Respondent State of Minnesota charged St. John with fifth-degree possession of a controlled substance under Minn. Stat. § 152.025, subd. 2(a)(1) (2010), and possession of prohibited drug paraphernalia under Minn. Stat. § 152.092 (2010). St. John moved to suppress the evidence, conceding that the search warrant was valid as to a search of room 432 but arguing its invalidity as to him on the basis that no sufficient nexus existed between the purported illegal activity and his person. The district court denied St. John's motion to suppress; St. John proceeded with a stipulated-facts trial under Minn. R. Crim. P. 26.01, subd. 4; and the district court found him guilty of both charges.
This appeal follows.
The district court found that probable cause supported the subject search warrant because the individuals in rooms 432 and 750 were known drug users, police observed considerable activity between the two hotel rooms, police witnessed what they believed was a drug transaction that involved an occupant from each room, and police corroborated the presence of drugs through a successful dog sniff. The court did not differentiate between probable cause to search room 432 and the persons of St. John and R.M. St. John argues only that the search-warrant application and affidavit lacked probable cause for the search of his person. If the application for the search warrant is not supported by probable cause, the "evidence seized during the search" is "unlawfully obtained and must be suppressed." State v. Carter, 697 N.W.2d 199, 212 (Minn. 2005).
"When reviewing a district court's decision to issue a search warrant, [an appellate court's] only consideration is whether the judge issuing the warrant had a substantial basis for concluding that probable cause existed." State v. Jenkins, 782 N.W.2d 211, 222– 23 (Minn. 2010) (quotation omitted). Appellate courts "review the district court's factual findings for clear error and the district court's legal determinations de novo." Id. at 223. This court gives great deference to the district court's factual determinations and must "consider the totality of the circumstances and must be careful not to review each component of the affidavit in isolation." Id. (quotation omitted). "Doubtful or marginal cases should be largely determined by the deference to be accorded to warrants." State v. Miller, 666 N.W.2d 703, 712 (Minn. 2003) (quotation omitted).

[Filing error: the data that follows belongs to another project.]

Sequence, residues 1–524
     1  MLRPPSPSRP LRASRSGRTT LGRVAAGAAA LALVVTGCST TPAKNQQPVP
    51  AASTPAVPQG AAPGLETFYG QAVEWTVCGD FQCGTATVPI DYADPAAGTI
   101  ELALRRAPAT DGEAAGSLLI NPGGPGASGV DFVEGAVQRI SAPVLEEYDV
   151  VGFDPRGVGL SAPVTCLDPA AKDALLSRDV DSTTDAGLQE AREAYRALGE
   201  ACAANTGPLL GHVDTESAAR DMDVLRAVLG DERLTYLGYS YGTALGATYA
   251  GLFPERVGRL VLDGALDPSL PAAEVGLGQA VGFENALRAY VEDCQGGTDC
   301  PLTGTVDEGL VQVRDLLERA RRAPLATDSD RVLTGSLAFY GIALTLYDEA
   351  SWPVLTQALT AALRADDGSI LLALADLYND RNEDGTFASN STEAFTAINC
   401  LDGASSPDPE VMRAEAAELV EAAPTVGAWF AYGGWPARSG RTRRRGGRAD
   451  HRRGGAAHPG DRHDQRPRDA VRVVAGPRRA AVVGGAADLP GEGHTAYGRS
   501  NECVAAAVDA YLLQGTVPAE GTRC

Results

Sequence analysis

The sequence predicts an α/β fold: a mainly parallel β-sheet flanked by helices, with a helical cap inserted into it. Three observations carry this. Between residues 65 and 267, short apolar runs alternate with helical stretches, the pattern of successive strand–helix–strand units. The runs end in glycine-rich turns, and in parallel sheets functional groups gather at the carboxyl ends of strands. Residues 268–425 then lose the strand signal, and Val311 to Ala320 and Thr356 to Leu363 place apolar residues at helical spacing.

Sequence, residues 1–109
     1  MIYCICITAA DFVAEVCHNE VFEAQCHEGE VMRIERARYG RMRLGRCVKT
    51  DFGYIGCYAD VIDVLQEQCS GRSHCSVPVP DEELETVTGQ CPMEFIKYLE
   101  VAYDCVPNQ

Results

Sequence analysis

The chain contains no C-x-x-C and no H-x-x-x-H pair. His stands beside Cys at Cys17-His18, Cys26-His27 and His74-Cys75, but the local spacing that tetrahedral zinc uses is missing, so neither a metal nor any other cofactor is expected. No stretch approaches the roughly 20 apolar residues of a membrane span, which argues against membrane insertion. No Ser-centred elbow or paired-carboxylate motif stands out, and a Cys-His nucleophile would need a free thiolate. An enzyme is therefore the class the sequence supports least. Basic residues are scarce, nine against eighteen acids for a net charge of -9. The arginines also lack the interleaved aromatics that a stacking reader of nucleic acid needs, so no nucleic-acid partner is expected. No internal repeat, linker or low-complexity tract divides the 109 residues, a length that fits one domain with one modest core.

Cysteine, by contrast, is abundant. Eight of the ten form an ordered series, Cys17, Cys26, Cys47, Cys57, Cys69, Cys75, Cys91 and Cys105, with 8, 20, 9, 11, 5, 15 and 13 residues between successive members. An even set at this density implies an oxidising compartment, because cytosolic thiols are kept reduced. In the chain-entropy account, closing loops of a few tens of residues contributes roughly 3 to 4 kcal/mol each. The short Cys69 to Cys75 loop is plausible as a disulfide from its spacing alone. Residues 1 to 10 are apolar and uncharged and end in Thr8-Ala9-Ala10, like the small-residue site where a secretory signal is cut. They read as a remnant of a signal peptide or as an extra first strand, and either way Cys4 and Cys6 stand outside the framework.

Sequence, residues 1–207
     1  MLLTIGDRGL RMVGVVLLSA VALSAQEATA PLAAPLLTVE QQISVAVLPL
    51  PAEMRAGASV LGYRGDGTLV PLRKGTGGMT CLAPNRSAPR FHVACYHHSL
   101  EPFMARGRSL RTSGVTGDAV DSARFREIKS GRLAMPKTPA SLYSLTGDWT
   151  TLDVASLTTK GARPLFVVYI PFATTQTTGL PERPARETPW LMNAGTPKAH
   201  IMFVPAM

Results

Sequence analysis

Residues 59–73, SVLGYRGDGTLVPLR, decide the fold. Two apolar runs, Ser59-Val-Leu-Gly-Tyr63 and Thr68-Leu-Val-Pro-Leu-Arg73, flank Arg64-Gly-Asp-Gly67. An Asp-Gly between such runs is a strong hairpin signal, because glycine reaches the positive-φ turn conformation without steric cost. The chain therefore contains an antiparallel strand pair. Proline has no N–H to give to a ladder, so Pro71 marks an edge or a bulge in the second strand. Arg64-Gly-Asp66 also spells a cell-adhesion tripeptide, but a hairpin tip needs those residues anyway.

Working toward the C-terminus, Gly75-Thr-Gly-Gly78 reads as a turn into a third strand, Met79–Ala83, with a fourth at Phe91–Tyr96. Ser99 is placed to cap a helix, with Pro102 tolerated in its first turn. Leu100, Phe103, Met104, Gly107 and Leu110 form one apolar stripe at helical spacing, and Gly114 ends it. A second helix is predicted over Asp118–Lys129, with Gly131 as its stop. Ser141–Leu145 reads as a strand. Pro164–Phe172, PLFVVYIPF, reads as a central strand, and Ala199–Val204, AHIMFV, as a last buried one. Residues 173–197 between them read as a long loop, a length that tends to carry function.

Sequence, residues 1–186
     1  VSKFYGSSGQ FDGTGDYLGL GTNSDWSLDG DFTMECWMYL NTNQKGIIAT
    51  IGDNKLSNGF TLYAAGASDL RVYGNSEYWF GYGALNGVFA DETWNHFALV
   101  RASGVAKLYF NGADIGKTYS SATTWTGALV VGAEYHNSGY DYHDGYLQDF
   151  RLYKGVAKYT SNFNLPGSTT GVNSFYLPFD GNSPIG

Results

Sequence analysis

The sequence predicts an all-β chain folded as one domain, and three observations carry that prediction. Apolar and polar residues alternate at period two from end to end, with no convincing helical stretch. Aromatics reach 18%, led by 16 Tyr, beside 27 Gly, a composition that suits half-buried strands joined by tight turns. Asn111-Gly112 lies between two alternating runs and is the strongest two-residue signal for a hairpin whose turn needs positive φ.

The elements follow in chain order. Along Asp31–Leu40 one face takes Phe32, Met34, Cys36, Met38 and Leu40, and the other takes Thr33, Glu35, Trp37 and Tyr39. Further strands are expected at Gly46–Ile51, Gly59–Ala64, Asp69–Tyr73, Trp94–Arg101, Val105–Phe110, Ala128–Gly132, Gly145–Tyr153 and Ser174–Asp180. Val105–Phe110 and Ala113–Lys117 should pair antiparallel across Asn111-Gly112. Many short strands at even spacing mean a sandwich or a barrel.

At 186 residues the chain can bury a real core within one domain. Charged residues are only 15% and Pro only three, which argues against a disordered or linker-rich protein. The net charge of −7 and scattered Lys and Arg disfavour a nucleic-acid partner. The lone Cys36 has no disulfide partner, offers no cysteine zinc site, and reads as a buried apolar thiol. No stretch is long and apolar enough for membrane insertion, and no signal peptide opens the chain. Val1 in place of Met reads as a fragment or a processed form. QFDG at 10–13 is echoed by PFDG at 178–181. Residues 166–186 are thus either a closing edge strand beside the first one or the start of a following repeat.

The issuing judge's task is to make a "'practical, common-sense decision whether, given all the circumstances set forth in the affidavit before him, including the 'veracity' and 'basis of knowledge' of persons supplying hearsay information, there is a fair probability that contraband or evidence of a crime will be found in a particular place.'" Jenkins, 782 N.W.2d at 223 (quoting Illinois v. Gates, 462 U.S. 213, 238, 103 S.Ct. 2317, 2332 (1983)). "Elements bearing on this probability determination include information establishing a nexus between the crime, objects to be seized and the place to be searched." Id.
St. John contends that (1) the affidavit supporting the search warrant did not establish a nexus between E.S. and him, (2) the alleged drug transaction that police observed did not involve him and therefore did not provide probable cause to search him, and (3) the narcotics-detection dog sniff was invalid because it was not supported by reasonable suspicion.
Nexus between E.S. and St. John
The district court found that the supporting affidavit established the existence of "considerable contact between the people in room 750 and those in room 432, the room where defendant was staying." St. John argues that, because the affidavit did not explicitly state that St. John was staying in room 432, or that St. John had met with E.S., the affidavit does not establish a nexus between St. John and room 432, or a nexus between St. John and E.S. We disagree.
When interpreting an affidavit supporting a search warrant, "courts should not invalidate the warrant by interpreting the affidavit in a hypertechnical, rather than commonsense, manner, " State v. Bagley, 286 Minn. 180, 192, 175 N.W.2d 448, 456 (1970) (quotation omitted), and must "consider the totality of the circumstances and must be careful not to review each component of the affidavit in isolation, " Jenkins, 782 N.W.2d at 223 (quotation omitted). Here, reading the supporting affidavit in a "commonsense" manner, Bagley, 286 Minn. at 192, 175 N.W.2d at 456 (quotation omitted), and not "review[ing] each component of the affidavit in isolation, " Jenkins, 782 N.W.2d at 223 (quotation omitted), the district court reasonably inferred that the "known subjects, " who had rented room 432 and with whom E.S. had been meeting, were St. John, R.M., and R.S. The affidavit therefore established a nexus between E.S. and St. John.